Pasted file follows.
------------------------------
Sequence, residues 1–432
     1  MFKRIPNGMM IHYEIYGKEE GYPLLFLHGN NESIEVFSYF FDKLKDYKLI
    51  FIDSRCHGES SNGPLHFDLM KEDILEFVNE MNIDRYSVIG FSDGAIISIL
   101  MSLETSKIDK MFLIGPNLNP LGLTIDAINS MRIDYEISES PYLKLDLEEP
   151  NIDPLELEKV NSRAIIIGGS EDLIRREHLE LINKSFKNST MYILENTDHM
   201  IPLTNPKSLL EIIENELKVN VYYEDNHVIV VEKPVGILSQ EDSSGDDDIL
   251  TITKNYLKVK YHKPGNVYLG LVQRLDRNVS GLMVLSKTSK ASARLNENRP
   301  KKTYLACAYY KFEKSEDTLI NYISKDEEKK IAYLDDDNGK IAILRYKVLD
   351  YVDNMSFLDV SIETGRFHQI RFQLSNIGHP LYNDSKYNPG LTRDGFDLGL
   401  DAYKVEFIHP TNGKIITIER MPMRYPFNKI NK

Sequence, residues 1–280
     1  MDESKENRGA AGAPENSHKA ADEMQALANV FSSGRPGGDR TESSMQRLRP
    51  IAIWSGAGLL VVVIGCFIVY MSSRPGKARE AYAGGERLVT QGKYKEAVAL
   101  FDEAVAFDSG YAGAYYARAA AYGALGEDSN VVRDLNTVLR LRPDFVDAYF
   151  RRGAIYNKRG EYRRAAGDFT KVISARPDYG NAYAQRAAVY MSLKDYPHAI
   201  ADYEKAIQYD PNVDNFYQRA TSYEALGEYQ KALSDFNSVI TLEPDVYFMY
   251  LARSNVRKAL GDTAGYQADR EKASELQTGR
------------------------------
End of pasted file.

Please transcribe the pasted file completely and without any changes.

Sequence, residues 1–432
     1  MFKRIPNGMM IHYEIYGKEE GYPLLFLHGN NESIEVFSYF FDKLKDYKLI
    51  FIDSRCHGES SNGPLHFDLM KEDILEFVNE MNIDRYSVIG FSDGAIISIL
   101  MSLETSKIDK MFLIGPNLNP LGLTIDAINS MRIDYEISES PYLKLDLEEP
   151  NIDPLELEKV NSRAIIIGGS EDLIRREHLE LINKSFKNST MYILENTDHM
   201  IPLTNPKSLL EIIENELKVN VYYEDNHVIV VEKPVGILSQ EDSSGDDDIL
   251  TITKNYLKVK YHKPGNVYLG LVQRLDRNVS GLMVLSKTSK ASARLNENRP
   301  KKTYLACAYY KFEKSEDTLI NYISKDEEKK IAYLDDDNGK IAILRYKVLD
   351  YVDNMSFLDV SIETGRFHQI RFQLSNIGHP LYNDSKYNPG LTRDGFDLGL
   401  DAYKVEFIHP TNGKIITIER MPMRYPFNKI NK

Sequence, residues 1–280
     1  MDESKENRGA AGAPENSHKA ADEMQALANV FSSGRPGGDR TESSMQRLRP
    51  IAIWSGAGLL VVVIGCFIVY MSSRPGKARE AYAGGERLVT QGKYKEAVAL
   101  FDEAVAFDSG YAGAYYARAA AYGALGEDSN VVRDLNTVLR LRPDFVDAYF
   151  RRGAIYNKRG EYRRAAGDFT KVISARPDYG NAYAQRAAVY MSLKDYPHAI
   201  ADYEKAIQYD PNVDNFYQRA TSYEALGEYQ KALSDFNSVI TLEPDVYFMY
   251  LARSNVRKAL GDTAGYQADR EKASELQTGR